This was a pleasingly well attended session with a whole bunch of people with different skills and experience. We talked a bit about Open Data and the legislation. I won’t detain you with that here.
The key take aways for me were.
Someone needs to “sell” open data to individuals across organisations in Wales. I think that’s probably a job for ODI-Cardiff. We’d love to hear from people who want to help.
Soon public service boards will be publishing statements showing their approach to the Wellbeing of Future Generations Act. These will be based on data. The data is unlikely to be opened. So, in the consultation phase, we have an opportunity to talk to people about why opening data (which they’ve already been using) would help them and the communities they serve.
I’m really excited by this. If you are too and you’d like to get involved with the Open Data Community in Wales please join our Slack team.
Am I sustainable?
The final session was a pitch on how we can build sustainable (in terms of sustainable development as well as viable) enterprises in Wales. This was exactly the sort of pitch I really like at govcamps. Essentially we had someone thinking through the next phase for her social enterprise and she invited us to think through some of those issues with her.
We talked about the challenge of balancing the need to focus on your social mission with the need to pay the rent and feed the cat (or the kids). We talked about trading vs grant funding and the strengths and weaknesses of both approaches. We talked about ethical approaches and how to think through ethical issues in advance.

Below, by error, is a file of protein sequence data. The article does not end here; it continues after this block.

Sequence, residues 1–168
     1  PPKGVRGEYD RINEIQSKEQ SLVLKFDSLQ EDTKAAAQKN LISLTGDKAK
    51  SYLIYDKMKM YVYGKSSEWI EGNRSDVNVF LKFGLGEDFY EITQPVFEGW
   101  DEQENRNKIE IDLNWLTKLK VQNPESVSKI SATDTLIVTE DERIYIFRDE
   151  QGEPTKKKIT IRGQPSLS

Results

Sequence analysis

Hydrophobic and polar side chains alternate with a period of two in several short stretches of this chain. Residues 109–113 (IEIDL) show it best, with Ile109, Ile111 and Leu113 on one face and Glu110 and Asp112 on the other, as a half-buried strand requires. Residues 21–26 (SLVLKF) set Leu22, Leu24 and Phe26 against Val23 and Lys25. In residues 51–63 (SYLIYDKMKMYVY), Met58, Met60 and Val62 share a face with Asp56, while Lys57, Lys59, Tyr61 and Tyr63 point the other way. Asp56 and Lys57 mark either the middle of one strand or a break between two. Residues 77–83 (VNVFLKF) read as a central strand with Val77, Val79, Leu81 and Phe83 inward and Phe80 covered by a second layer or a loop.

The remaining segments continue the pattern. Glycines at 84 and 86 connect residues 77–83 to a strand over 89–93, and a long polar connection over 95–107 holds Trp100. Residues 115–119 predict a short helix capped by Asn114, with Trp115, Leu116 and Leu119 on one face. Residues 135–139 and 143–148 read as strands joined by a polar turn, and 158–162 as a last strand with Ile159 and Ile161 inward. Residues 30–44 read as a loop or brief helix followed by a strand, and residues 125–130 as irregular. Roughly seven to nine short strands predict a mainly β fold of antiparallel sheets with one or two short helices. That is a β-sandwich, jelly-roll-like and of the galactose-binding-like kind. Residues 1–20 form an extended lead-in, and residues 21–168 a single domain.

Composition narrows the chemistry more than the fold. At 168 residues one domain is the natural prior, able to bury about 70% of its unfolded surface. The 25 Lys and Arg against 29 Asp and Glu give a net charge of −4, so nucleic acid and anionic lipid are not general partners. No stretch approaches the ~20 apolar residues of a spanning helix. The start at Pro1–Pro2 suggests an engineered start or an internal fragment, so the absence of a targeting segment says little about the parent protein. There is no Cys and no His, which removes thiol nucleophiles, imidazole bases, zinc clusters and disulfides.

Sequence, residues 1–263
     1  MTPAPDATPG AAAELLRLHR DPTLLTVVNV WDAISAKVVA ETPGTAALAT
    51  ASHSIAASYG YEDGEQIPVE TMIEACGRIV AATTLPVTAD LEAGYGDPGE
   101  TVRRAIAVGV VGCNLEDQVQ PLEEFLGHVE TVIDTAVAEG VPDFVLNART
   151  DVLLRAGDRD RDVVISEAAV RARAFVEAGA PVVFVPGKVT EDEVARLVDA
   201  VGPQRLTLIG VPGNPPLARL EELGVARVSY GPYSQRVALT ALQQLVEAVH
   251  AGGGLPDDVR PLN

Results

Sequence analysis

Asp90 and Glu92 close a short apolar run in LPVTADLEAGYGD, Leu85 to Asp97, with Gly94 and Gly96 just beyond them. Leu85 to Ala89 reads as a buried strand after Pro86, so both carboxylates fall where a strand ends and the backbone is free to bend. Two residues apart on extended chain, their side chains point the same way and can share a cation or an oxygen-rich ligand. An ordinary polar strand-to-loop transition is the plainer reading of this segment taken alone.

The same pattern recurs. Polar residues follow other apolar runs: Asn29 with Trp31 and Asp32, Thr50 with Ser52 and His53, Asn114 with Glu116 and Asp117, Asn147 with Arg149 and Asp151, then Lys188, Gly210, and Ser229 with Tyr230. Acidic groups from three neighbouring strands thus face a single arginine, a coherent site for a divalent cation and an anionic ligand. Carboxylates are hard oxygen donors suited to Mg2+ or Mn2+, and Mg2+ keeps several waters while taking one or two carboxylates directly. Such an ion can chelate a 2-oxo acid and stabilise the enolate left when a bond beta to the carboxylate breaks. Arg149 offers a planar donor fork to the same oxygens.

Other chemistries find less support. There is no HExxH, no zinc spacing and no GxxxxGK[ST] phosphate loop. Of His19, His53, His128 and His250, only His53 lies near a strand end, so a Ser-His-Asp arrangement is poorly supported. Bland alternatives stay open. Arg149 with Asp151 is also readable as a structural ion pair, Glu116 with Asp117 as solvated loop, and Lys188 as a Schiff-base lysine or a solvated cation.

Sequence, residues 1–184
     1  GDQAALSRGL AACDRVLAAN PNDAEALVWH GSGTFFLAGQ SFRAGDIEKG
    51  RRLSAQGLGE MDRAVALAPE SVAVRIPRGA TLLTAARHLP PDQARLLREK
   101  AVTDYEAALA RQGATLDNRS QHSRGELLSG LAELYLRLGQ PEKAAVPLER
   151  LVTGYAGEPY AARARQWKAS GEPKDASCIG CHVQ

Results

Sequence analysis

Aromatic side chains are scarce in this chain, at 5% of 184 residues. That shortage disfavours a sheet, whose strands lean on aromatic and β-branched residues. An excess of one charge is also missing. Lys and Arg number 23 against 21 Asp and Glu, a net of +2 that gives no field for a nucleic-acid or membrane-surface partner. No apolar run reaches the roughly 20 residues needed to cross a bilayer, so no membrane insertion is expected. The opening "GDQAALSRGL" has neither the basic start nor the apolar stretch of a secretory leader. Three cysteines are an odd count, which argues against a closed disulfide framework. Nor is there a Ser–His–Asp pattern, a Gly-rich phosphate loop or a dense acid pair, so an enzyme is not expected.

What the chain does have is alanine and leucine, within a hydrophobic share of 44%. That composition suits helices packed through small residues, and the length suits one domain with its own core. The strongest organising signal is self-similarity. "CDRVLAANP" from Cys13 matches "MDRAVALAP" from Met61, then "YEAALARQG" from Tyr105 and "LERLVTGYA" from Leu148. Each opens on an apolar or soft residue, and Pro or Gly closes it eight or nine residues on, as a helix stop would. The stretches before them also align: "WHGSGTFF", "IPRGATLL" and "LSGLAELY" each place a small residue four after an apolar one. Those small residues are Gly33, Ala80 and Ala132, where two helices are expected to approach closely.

I really got a lot out of this session (even if I did, perhaps, spend too much time talking about the Standby Task Force).
One question that it raised for me is the issue of being a “sustainable” enterprise. One thing I always say to people thinking about going freelance or setting up small businesses is that one of the key factors is you will never be sure you are going to be paid next month (well maybe next month but in six months maybe not).
This is a fact of life for trading organisations. It’s not a bad thing. It concentrates the mind and encourages innovation (or perhaps more accurately destroys businesses that don’t sell what the market will buy). This is fine. But it’s not what most people would call “sustainable”.
There is a role in our society for organisations that are sustainable, that will be here next year and in ten years, that can hold our assets and our heritage. In Wales there is still a reasonable consensus that that is a key role for the state (that consensus has broken down in England).
I think the consensus in Wales has it right on this one.
I’m firmly committed to the principles of participation and self-organisation that lie at the heart of govcamps.
One day all public sector gatherings will be like GovCampCymru.